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cDAG - A Framework for the Runtime Detection and Optimization of Collective Communication Patterns|
A Framework for the Runtime Detection and Optimization of Collective Communication Patterns
There are several reasons why users of parallel programming APIs might express collective communication patterns with point-to-point operations:
Using point to point operations instead of collectives hurts the performance portability of the code - the optimal communication pattern heavily depends on machine parameters, such as network topology, network latency, bandwidth and injection rate.
The cDAG technique expresses collective communication patterns as dependency graphs, where the vertices represent operations (send, recv, calculations) and the edges express the dependencies between those operations. The translation to this formulation is simple in most cases (but not automated yet).
In the cDAG_Compile() function we collect all process local communication graphs and transform them into a single global communication graph, with a new kind of edges which express which send operation matches which receive operation, in addition to the dependency edges. Each vertex in this graph is represented by a Single Static Transfer tuple if the form type(destination-rank, address of destination buffer, data size, source rank, address of source buffer), where type is either send or rreceive Of course not all values are known for each tuple in the beginning, for example in an receive operation, we do not directly know the address of the source buffer. However, this knowledge can be obtained by traversing the data-flow graph.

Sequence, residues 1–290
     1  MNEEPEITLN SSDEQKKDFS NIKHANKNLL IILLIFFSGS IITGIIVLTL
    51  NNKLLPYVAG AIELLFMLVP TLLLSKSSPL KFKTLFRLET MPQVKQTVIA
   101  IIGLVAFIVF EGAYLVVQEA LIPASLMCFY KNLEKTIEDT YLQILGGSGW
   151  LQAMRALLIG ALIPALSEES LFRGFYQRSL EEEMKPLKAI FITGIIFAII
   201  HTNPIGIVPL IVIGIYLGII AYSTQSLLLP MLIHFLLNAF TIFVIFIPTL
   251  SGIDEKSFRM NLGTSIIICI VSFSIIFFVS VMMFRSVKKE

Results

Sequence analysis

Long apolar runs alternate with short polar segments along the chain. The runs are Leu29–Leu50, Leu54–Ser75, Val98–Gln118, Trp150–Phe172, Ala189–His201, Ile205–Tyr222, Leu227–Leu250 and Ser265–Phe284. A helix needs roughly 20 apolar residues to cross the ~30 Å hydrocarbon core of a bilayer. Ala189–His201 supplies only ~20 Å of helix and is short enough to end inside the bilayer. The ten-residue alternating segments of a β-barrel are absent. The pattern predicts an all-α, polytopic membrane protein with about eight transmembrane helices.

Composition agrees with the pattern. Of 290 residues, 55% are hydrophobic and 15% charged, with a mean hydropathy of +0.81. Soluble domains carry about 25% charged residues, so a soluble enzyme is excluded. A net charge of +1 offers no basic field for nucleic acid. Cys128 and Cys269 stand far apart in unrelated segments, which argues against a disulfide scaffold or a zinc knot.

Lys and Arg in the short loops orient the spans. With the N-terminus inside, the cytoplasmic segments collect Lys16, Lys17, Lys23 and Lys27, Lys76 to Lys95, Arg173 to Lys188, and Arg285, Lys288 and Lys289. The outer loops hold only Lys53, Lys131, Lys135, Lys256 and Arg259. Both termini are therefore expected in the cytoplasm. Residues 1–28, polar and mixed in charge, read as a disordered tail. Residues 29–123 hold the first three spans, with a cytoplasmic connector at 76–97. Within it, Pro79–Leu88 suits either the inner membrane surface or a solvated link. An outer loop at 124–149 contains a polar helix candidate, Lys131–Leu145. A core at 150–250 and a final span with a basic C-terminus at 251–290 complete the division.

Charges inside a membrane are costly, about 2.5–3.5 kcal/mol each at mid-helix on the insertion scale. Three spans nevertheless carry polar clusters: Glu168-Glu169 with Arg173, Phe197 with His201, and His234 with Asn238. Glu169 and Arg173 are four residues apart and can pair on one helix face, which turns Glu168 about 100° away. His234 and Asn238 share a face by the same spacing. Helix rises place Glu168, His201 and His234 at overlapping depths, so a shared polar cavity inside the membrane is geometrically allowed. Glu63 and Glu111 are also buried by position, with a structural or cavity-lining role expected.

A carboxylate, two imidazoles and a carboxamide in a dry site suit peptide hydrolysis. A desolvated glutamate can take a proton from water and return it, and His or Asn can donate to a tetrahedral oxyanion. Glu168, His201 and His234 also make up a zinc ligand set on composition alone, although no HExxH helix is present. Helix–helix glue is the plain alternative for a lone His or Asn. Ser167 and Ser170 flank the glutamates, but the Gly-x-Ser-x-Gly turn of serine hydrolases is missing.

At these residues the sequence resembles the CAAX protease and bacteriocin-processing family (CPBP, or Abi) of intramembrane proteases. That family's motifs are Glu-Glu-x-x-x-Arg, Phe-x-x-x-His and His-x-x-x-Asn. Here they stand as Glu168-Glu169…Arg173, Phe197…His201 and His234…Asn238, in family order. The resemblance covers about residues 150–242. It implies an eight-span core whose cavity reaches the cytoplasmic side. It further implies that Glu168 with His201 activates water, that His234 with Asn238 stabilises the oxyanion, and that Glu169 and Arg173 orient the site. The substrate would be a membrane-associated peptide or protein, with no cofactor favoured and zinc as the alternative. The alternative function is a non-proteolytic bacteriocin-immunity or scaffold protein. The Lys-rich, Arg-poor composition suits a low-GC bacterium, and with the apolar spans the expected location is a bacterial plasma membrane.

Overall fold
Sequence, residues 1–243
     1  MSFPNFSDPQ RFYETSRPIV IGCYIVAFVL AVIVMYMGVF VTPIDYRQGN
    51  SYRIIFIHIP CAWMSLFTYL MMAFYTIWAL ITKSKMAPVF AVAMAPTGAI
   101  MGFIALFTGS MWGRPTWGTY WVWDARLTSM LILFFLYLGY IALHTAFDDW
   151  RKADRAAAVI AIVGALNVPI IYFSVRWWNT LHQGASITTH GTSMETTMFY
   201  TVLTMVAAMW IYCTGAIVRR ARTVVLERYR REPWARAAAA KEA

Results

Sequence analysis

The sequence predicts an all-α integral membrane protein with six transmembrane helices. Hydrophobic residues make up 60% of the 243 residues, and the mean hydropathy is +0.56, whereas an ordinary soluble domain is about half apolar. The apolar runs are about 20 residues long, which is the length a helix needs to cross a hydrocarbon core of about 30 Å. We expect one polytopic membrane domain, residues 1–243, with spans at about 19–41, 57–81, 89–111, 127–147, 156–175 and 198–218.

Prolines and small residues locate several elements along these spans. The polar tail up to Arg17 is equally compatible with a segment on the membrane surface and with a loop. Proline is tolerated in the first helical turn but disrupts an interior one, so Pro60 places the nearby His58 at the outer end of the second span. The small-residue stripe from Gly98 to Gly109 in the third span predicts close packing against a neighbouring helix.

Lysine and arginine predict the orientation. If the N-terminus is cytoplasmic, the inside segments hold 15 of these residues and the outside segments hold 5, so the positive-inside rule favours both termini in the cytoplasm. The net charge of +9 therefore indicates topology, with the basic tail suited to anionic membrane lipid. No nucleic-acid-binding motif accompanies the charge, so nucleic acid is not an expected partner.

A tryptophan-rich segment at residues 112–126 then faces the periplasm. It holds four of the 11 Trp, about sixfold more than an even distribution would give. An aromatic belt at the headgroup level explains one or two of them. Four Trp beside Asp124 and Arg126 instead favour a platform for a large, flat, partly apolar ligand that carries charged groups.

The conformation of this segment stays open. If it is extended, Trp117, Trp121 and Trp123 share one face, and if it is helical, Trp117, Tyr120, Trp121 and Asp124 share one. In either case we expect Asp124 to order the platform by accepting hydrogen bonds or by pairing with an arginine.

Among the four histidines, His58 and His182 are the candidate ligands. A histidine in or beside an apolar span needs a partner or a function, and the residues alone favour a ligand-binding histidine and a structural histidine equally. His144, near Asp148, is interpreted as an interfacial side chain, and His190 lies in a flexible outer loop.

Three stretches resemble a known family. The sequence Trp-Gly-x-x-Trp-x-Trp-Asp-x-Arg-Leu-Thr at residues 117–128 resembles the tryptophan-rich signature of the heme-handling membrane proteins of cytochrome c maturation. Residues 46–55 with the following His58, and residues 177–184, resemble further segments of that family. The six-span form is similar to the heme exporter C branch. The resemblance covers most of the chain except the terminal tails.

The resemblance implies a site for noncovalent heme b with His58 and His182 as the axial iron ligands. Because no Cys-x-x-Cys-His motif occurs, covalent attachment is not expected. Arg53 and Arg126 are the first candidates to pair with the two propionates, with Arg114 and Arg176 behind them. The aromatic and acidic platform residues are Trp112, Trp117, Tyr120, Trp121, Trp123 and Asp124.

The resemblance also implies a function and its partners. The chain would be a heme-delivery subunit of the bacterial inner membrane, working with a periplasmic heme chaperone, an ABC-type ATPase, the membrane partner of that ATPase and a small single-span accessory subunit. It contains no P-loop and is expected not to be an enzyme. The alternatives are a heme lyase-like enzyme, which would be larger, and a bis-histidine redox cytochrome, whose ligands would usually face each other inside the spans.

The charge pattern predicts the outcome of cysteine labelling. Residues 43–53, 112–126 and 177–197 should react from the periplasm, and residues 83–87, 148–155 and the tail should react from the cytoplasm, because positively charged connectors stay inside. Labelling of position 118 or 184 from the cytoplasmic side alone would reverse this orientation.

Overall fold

If a process receives a large chunk of data and sends one half of the data to a different process than the other half, the SST tuples are also split in two, as if the data had originally been received in two parts. This procedure allows us to express the data-flow of any communication operation. Please consult the references for details of the algorithm.
After the data-flow is solved, we know the communication semantics (which data item is communicated from where to where) of the communication graph, if we look at the SST tuples. For example the tuple r(0,1,1,1,1) tells us that process zero receives one byte of data into address one, which comes from rank one and was stored that at address one.
Each of the data-movement collectives defined by MPI (and possibly other) can be identified by the form of the SST tuples which result from any (pipelined, tree-based, etc.) implementation of such a collective. Therefore we can check if the SST tuples observed fall in any of the predefined categories, and if yes, substitute their execution with a call to the appropriate MPI (or any other tuned collective implementation) function.Below we show the performance improvement of the UPC version of the NAS FT benchmark code if we apply our approach (left bar in each group is the original code, the right bar represents the modified version which uses cDAG):
The cDAG library can be downloaded here.
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